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ABSTRACT

Cohesive Elements Compatible with Large Shell Elements for Efficient Composite Delamination Analyses

Qiao Hua, Wei-Qiu Chen, Qingda Yang

The International Conference on Computational & Experimental Engineering and Sciences 2011, 20(2), 37-38. https://doi.org/10.3970/icces.2011.020.037

Abstract

Predicting arbitrary delamination in laminar composites remains a significant numerical challenge in composite engineering [1,2]. Currently the major technical difficulty is to predict accurately when (at what load level) and where (in which interface) should delamination occur within a pristine composite laminates upon loading. Linear-elastic-fracture-mechanics (LEFM) based methods have limits because 1) requirement of known or assumed initial flaws of finite size, and 2) unknown crack-tip singularity functions for interfaces that bond non-orthogonal plies. Numerical tools based on LEFM such as virtual crack closure technique (VCCT) suffer from serious numerical problems including numerical instability and robustness.
Cohesive-zone-models (CZM) based simulation technique can effectively circumvent such difficulties and it has been used for a wide variety of nonlinear fracture problems in many engineering materials [1-3]. However, an inconvenient truth of this method for composite delamination analysis is that, the traction-separation laws that governs the damaging process requires very refined mesh at crack tip region: a mesh resolution < 1/3
{}{} 1/5 of the cohesive zone size is needed to achieve reasonable numerical accuracy and stability. Thus for an evolving delamination crack, virtually the entire composite laminate has to be discretized with a fine mesh. This is prohibitively expensive given that the cohesive zone size of a typical PMC is on the order a 1 mm.
On the other hand, for composite laminates structural plate/shell elements are preferred whenever possible because they offer the advantage of using large elements while maintaining adequate numerical accuracy. It is therefore highly desirable to combine plte/shell elements and CZ elements for delamination analyses. Unfortunately, the strict mesh restriction in using cohesive elements greatly negates the benefits of large aspect ratio shell elements.
This study explores effective numerical means that enable the use of cohesive elements together with large plate/shell elements for effective composite delamination analysis. We shall start with investigating the effectiveness of various cohesive integration method, including the commonly used Newton-Cotes method (NCI), Gaussian integration method (GI), and the recently developed mixed Gaussian and Sub-domain integration method (mixed GI & SDI). The root cause of numerical inaccuracy when such methods are used with large plate/shell elements will be identified and possible numerical remedies discussed. A novel integration method that can dramatically improve the numerical accuracy will be proposed and discussed. The improved numerical accuracy and robustness will be demonstrated through several examples of interest to composite engineering. Finally, we shall show that the new method enables the use of much relaxed plate/shell element meshes up to 2 times the cohesive zone size - an order of magnitude increase compared to traditional CZ elements.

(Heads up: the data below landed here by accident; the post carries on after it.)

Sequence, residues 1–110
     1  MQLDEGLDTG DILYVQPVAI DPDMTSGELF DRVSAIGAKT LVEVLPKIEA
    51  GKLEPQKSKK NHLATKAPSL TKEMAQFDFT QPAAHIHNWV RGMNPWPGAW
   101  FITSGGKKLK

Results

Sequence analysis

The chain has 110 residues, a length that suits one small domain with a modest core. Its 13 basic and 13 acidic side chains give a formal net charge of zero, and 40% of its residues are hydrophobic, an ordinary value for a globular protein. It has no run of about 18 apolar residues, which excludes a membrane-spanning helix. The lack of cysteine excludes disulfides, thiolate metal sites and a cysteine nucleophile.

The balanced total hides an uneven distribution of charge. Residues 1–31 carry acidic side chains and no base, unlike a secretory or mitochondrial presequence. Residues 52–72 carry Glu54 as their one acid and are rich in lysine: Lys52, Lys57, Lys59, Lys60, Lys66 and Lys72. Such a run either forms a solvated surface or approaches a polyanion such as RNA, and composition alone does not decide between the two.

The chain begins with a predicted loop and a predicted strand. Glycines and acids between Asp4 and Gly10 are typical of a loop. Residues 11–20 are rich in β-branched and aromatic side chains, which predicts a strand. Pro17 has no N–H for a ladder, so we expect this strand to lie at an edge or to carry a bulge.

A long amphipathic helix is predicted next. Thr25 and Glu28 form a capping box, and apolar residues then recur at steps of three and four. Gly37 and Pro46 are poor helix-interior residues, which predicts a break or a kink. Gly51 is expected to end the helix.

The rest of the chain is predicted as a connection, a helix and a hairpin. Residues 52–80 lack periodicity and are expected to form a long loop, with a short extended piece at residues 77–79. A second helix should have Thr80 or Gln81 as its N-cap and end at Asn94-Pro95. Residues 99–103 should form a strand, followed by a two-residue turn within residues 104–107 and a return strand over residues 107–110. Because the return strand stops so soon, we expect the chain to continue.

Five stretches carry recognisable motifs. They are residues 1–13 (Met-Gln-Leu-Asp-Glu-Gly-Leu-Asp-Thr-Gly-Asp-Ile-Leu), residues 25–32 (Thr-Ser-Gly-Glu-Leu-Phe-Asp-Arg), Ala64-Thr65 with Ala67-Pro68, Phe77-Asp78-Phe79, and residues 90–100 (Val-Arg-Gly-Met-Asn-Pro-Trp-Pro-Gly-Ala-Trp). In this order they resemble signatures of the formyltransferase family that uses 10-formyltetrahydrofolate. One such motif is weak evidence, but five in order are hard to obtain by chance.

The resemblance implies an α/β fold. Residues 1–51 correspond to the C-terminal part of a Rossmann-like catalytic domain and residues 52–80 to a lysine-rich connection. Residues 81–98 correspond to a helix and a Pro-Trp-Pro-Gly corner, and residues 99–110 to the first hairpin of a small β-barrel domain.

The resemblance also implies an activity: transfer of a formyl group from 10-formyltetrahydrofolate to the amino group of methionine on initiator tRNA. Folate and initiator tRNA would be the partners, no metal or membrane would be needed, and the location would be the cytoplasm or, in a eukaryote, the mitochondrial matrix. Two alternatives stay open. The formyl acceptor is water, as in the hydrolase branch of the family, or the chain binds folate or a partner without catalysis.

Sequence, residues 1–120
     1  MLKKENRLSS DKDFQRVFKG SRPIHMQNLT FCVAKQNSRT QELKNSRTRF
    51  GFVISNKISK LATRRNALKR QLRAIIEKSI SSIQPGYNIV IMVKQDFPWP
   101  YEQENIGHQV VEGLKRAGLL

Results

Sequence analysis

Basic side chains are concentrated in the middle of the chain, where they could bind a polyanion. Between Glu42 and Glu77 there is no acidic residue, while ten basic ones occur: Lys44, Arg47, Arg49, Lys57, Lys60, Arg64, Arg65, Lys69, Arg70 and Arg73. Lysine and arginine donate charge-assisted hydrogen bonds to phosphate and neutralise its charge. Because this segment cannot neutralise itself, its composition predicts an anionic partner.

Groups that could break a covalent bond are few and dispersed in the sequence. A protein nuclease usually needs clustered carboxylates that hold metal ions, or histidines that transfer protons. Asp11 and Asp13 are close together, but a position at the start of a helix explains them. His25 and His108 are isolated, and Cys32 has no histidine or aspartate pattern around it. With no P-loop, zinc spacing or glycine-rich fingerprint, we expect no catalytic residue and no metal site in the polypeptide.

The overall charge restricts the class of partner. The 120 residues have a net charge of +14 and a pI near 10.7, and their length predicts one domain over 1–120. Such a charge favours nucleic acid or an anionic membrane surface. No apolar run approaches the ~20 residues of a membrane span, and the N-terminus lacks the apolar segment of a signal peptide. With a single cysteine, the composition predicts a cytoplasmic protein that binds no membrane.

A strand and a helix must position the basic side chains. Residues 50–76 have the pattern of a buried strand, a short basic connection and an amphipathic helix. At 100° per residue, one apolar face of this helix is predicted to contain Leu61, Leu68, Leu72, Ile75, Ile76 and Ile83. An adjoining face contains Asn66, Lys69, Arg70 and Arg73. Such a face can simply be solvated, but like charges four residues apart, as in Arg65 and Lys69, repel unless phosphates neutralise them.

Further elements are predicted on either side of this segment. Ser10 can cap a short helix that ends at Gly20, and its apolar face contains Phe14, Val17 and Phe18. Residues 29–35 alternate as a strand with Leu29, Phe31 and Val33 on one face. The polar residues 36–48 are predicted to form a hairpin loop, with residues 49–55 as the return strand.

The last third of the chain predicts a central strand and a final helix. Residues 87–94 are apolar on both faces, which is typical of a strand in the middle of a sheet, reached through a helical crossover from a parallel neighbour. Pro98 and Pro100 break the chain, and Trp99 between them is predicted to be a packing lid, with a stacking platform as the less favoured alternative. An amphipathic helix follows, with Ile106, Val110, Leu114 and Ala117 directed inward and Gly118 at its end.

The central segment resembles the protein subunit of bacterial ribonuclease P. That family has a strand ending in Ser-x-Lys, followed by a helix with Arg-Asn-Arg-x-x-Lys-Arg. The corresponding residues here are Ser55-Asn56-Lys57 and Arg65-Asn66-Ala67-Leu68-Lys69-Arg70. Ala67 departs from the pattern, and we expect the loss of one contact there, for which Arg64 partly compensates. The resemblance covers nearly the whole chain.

Cite This Article

APA Style
Hua, Q., Chen, W., Yang, Q. (2011). Cohesive elements compatible with large shell elements for efficient composite delamination analyses. The International Conference on Computational & Experimental Engineering and Sciences, 20(2), 37-38. https://doi.org/10.3970/icces.2011.020.037
Vancouver Style
Hua Q, Chen W, Yang Q. Cohesive elements compatible with large shell elements for efficient composite delamination analyses. Int Conf Comput Exp Eng Sciences . 2011;20(2):37-38 https://doi.org/10.3970/icces.2011.020.037
IEEE Style
Q. Hua, W. Chen, and Q. Yang "Cohesive Elements Compatible with Large Shell Elements for Efficient Composite Delamination Analyses," Int. Conf. Comput. Exp. Eng. Sciences , vol. 20, no. 2, pp. 37-38. 2011. https://doi.org/10.3970/icces.2011.020.037



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